ARABI, La. – For six years now people in St. Bernard Parish and New Orleans East have had to drive many miles, often taking an hour or more, to get to an emergency room.
Hurricane Katrina destroyed area hospitals . The slowness to rebuild the health care system served the interests of those seeking to permanently remove poor people and many working families from the area, union leaders and others here say.
“You can’t come back and rebuild a life for you and your family when you can’t even get basic health care services,” said Chad Lauga, political action director for Local 130 of the International Brotherhood of Electrical Workers, who grew up in the area.
“For that reason,” said Lauga, “unions have taken up the fight for restoring health care facilities and building new ones where they are needed. Here in St. Bernard we’ve had a small victory in this regard.”
Lauga was referring to the St. Bernard Medical Center, a small public hospital under construction here. “Besides meeting urgent health care needs, the project is providing jobs for union workers at union wages,” he said.
The new 40-bed hospital, being built with federal funds, will have an emergency room, three operating rooms, medical offices, diagnostic labs, a cardiology department and staff positions for doctors and nurses.
It will mean that people in Arabi and nearby Chalmette and New Orleans East will be able to get emergency room and other health care services in a modern facility rather than in FEMA trailers. The new hospital is rising in back of the parking lot where the trailers now sit.
Gary Skumata, 50, is one of 18 IBEW members on the hospital construction site. “People with children were afraid to come back. Now, for many of them, it will be easier to come back,” he said, as he looked out at the rising frame of the new hospital from his window in the construction trailer.
“Right now, if you were seriously injured the best you could hope for in this area is some professional help in about 40 minutes,” he said. “That’s too long if things are really serious.”
“If you have elderly family members you can’t bring them back yet, not until this hospital is built.”
Skumata says projections are to complete the project in a year but that there is still an urgent need for additional funds.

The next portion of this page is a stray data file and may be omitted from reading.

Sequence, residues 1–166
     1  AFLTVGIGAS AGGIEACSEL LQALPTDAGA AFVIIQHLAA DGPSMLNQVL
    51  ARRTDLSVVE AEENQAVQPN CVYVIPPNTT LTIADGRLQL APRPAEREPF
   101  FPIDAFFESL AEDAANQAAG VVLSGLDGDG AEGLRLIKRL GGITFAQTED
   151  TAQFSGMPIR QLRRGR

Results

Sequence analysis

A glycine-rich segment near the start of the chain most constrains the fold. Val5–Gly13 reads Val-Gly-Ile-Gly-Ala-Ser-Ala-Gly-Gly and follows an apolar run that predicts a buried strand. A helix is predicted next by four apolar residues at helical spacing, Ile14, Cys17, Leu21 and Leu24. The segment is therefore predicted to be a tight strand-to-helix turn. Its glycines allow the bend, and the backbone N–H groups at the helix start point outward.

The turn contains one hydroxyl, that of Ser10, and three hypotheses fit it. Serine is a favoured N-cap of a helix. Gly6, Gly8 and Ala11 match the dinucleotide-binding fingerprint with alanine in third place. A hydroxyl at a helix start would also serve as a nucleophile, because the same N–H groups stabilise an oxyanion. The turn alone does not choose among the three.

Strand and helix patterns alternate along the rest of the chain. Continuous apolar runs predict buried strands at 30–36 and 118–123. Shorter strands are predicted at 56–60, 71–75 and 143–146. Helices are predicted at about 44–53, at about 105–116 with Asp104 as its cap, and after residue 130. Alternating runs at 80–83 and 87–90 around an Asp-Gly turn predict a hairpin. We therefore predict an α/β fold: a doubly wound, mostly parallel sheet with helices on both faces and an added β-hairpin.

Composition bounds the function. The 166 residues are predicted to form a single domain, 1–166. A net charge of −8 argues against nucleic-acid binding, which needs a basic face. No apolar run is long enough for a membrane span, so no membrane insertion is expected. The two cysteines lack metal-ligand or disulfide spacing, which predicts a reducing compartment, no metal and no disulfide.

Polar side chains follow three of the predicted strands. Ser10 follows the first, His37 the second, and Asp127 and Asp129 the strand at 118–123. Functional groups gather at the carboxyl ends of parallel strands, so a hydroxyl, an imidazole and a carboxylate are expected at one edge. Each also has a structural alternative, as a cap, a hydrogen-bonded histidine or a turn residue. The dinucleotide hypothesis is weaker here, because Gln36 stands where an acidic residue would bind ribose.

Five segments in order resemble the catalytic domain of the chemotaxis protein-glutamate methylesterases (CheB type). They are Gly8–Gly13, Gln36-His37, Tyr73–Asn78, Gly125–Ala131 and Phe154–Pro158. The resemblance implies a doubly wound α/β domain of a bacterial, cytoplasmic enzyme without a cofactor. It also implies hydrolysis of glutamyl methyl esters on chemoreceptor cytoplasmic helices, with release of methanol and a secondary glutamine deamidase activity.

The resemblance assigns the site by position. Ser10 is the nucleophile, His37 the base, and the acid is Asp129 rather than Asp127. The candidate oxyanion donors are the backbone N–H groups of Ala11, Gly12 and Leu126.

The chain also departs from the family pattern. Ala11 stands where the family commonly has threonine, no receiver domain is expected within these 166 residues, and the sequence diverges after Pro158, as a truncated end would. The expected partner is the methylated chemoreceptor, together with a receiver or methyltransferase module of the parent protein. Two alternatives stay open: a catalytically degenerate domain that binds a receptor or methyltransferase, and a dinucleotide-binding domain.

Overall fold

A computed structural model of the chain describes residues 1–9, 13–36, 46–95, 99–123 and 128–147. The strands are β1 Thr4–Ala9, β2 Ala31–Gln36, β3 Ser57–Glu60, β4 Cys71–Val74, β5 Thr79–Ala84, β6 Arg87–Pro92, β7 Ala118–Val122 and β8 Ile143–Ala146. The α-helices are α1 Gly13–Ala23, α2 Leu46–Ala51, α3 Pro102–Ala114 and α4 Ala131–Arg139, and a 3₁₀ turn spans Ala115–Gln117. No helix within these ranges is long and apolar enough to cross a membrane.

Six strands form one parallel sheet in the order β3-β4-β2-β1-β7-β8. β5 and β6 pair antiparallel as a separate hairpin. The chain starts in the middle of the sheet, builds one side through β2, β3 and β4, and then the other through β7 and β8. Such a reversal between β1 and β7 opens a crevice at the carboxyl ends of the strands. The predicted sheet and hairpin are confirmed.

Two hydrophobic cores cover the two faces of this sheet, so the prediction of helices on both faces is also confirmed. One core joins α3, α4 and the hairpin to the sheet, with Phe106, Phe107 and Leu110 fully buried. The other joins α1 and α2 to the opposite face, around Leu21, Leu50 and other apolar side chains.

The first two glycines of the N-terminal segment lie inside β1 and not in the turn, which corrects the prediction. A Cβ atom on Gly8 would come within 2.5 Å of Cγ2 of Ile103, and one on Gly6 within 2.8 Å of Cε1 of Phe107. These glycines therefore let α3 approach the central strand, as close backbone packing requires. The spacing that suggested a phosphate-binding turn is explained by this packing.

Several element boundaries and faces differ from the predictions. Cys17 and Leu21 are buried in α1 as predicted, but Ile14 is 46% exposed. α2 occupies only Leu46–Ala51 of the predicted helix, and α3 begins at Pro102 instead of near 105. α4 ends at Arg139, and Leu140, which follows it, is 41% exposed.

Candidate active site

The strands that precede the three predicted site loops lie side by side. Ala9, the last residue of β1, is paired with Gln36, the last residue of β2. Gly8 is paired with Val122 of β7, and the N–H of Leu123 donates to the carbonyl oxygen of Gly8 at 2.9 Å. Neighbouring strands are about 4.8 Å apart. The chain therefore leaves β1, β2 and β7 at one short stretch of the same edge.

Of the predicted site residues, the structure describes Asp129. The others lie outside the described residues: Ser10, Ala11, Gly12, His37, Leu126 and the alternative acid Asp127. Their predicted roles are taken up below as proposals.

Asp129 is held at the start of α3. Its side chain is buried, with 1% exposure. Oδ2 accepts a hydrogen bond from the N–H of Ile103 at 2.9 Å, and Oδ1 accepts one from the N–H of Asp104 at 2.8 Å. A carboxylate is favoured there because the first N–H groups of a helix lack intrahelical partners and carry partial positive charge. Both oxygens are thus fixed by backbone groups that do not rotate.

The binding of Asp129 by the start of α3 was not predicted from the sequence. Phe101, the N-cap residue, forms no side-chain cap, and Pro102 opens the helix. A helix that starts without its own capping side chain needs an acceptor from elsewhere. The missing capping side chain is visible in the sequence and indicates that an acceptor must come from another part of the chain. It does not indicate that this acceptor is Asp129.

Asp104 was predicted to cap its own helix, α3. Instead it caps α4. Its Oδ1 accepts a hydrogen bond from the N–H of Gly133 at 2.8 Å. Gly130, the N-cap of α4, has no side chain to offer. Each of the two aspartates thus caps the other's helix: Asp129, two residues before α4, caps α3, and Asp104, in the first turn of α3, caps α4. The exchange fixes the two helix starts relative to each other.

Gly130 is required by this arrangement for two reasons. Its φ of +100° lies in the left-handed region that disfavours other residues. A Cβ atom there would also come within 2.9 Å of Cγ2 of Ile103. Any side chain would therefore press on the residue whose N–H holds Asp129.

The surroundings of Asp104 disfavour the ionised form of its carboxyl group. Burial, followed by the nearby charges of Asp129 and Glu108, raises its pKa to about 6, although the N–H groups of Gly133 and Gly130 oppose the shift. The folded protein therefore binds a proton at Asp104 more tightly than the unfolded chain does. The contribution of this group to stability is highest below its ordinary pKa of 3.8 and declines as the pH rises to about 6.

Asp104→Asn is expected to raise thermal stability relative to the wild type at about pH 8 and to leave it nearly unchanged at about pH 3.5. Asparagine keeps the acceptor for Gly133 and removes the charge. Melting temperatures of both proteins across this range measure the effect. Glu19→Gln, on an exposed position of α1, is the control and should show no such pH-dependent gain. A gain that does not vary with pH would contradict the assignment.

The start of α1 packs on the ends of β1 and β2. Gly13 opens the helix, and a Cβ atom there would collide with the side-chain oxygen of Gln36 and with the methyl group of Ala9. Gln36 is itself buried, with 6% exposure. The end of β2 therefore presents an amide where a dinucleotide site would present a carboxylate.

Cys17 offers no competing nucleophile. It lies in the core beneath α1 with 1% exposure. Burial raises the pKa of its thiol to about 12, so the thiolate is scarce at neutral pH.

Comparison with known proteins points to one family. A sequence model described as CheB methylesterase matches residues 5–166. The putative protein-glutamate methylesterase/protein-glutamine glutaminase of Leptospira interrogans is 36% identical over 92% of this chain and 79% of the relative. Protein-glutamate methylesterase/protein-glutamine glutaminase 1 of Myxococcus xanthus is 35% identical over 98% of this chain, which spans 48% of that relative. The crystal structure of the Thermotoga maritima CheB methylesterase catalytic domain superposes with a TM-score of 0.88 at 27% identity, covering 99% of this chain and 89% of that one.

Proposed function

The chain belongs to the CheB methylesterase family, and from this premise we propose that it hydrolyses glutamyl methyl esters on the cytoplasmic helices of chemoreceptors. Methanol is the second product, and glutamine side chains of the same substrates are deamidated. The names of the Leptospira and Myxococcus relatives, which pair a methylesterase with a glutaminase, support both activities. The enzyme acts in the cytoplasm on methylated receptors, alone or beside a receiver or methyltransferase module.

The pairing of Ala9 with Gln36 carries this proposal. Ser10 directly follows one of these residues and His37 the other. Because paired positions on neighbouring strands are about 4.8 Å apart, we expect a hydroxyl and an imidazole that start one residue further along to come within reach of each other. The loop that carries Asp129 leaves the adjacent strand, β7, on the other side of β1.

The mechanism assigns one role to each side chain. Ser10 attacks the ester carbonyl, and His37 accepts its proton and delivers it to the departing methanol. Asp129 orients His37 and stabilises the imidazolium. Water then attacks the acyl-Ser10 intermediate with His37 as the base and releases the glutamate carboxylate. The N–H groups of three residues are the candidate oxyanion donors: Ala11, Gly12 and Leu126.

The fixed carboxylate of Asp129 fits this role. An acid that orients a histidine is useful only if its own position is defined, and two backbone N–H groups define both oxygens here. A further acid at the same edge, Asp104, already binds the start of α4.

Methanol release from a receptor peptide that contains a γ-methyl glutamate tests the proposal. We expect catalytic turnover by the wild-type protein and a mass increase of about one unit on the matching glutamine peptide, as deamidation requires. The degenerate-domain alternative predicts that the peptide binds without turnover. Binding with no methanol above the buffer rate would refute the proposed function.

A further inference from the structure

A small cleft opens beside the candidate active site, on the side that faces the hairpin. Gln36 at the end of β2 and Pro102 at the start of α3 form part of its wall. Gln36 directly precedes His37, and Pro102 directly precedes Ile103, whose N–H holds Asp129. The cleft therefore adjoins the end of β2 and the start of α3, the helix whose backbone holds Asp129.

“Things get held up for lack of money. There are problems getting the money to bring equipment in for the MRI room and the CAT scan equipment is also on hold.”
Skumata was clearly proud of the work being done so far by him and his fellow union members.
“You can push out that whole first floor,” he said, pointing to the steel frame already constructed, “and the hospital will be able to function. Emergency generators and everything of critical importance will be above that level.”
During Katrina rising floodwaters wiped out back up generators and other critical operations on the lower floors of hospitals, quickly turning entire facilities into death traps. “What we are building here,” Skumata said, “hopefully won’t allow that to happen again in the future.”
He described how flood damage to emergency generators quickly killed the animals in the New Orleans Aquarium, even though most of the facility itself remained above water. “Of course, with widespread flooding, you still have to plan how to get fuel to those generators,” he said. “The idea here will be to store what’s needed and to make sure operating rooms, generators and everything else that is critical is on the upper floors.”
Skumata was asked why he thought it has taken so long after Katrina for work to begin on a new hospital.
“There’s a lot of needless spending going on in this country,” he said. “Unfortunately, it’s not easy to get them to stop that and put the money to more important things. Why do we have to spend all that money in Iraq? Shift that budget to more important things – like hospitals for the people.”
Photo: Gary Skumata, IBEW member, in the construction trailer. Blake Deppe/PW